Should Christians be #minimalist? What we can learn from Marie Kondo – and St Augustine

Marie Kondo is a Marmite figure. Mention her name and you can expect a reaction. Some people rave about the mental health benefits of decluttering and the freedom they've found through owning less. Others rant about the ridiculousness of talking to your possessions or limiting your book collection to 30 volumes. Either way her message to get rid of anything that doesn't spark joy causes big emotions in people.

Kondo's appeal lies within a broader minimalism trend. Searching for #minimalism on Instagram will bring up millions of links to images of monochrome outfits and almost empty living spaces. Within the spectrum of minimalism, Kondo is actually fairly mild. There are minimalists who advocate only owning one pair of shoes and limiting your belongings to whatever you can pack in the back of your (no doubt compact) car.

Wikimedia CommonsMarie Kondo recommends decluttering.

Arguably, this trend towards having less is a rare point of intersection between living a Christian life and being cool. Jesus teaches about the dangers of wealth and consumerism and often with shocking clarity. Again and again he makes it clear that choosing to follow him has very real implications for our relationship with material possessions. Jesus calls us to let go of our anxiety about material things and trust in God (Matthew 6: 25-34). He instructs us not to hoard our belongings but to place value on what lasts and store up treasures in heaven (Matt 6.19-21).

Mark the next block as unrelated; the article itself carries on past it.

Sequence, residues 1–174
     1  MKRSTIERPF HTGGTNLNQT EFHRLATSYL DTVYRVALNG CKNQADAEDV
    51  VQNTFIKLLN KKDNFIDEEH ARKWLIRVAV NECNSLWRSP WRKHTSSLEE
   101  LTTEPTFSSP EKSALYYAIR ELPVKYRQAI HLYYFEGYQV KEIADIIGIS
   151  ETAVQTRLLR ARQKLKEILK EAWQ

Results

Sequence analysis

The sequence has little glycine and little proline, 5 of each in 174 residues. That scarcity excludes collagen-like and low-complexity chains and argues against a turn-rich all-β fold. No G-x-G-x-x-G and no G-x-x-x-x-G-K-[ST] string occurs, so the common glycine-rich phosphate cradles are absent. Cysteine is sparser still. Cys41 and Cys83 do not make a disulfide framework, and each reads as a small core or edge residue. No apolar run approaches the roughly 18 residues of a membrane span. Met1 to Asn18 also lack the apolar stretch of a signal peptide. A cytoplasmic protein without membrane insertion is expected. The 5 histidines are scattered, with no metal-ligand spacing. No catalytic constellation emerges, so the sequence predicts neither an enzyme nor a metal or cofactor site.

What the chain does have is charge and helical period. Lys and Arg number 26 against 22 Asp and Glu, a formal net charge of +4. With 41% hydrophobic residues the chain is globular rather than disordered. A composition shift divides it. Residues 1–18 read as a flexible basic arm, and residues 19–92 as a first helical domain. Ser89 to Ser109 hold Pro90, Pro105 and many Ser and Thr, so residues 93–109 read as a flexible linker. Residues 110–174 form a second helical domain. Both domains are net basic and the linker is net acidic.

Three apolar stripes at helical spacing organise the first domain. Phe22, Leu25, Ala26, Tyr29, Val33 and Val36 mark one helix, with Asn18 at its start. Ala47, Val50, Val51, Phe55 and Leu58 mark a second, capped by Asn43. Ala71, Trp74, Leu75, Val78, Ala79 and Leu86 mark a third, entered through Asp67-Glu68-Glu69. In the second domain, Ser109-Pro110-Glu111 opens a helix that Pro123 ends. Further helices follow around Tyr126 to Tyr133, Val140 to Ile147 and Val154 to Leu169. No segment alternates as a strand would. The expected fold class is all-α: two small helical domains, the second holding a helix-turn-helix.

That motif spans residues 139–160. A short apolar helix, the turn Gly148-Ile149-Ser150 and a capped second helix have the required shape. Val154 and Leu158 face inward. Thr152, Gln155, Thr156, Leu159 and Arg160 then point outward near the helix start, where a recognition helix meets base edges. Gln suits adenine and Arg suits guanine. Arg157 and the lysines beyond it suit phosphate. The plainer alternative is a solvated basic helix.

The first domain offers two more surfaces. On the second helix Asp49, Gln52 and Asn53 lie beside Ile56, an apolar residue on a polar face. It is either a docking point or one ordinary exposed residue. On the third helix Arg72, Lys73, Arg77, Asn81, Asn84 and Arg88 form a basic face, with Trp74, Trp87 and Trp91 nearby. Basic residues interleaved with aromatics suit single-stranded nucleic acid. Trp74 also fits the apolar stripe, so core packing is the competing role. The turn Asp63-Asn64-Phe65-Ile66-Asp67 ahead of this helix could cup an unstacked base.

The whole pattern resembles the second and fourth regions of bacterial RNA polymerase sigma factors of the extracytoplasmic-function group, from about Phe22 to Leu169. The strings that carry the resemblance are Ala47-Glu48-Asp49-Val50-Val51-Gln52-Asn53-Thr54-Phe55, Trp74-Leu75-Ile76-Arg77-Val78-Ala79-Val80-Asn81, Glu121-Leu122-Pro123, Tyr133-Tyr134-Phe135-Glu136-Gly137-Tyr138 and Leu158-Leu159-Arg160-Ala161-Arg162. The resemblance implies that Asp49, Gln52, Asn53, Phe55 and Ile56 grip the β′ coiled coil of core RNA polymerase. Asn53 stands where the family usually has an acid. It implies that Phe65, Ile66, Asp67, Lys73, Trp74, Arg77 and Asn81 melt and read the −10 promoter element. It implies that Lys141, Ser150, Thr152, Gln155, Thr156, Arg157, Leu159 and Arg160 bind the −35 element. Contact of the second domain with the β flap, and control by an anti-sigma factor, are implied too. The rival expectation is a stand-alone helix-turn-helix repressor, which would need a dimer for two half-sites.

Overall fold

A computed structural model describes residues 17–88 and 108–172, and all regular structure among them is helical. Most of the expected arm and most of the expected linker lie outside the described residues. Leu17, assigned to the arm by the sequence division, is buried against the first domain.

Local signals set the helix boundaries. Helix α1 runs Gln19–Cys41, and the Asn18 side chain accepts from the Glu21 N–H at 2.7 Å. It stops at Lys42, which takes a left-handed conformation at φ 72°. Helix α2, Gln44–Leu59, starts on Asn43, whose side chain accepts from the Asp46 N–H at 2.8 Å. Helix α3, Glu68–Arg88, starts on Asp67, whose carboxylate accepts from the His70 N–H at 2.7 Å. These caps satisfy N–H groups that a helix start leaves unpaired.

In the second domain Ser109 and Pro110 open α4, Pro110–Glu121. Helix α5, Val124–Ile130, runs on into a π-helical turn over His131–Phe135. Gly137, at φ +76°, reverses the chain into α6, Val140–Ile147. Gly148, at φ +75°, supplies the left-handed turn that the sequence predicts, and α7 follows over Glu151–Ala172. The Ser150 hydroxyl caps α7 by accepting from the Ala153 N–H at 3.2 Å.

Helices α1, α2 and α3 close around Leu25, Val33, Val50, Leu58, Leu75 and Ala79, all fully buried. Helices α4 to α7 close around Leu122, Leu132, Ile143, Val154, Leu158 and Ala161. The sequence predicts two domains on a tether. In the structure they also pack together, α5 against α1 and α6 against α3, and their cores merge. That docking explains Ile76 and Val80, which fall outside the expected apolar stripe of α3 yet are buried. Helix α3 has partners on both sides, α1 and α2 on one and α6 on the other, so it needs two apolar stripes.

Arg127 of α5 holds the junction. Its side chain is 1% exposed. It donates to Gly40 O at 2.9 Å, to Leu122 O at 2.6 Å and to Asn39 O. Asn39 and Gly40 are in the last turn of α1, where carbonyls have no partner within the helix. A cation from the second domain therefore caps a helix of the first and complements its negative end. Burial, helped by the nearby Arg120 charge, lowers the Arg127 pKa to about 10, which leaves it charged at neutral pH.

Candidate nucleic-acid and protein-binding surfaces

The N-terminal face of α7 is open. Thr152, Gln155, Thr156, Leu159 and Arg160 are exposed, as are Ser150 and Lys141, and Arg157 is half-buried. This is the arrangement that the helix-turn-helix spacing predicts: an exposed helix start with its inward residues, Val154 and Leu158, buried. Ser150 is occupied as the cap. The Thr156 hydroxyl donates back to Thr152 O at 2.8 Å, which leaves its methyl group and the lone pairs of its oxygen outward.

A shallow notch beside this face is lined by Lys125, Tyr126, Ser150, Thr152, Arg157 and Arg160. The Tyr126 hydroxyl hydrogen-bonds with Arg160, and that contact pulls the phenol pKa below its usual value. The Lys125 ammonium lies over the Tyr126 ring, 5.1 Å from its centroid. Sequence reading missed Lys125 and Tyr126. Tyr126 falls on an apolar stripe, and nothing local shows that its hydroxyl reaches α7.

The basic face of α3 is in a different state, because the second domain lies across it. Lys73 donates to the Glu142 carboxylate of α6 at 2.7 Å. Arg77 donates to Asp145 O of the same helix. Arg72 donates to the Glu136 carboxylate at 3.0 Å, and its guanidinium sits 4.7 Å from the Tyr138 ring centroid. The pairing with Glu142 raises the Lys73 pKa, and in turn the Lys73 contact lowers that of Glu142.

His advice to the rich young man to give away all his possessions is perhaps the starkest indication that following Jesus means turning away from our belongings and even the concept of personal ownership (Mark 10:17-27). Many commentators resist an interpretation that would place a similar call upon all Christians but there are passages in Acts that suggest that the early church took this literally (Acts 2: 44-45, 4.32) and it is undeniable that for most of the saints, a voluntary turn towards poverty was a pivotal moment in their lives.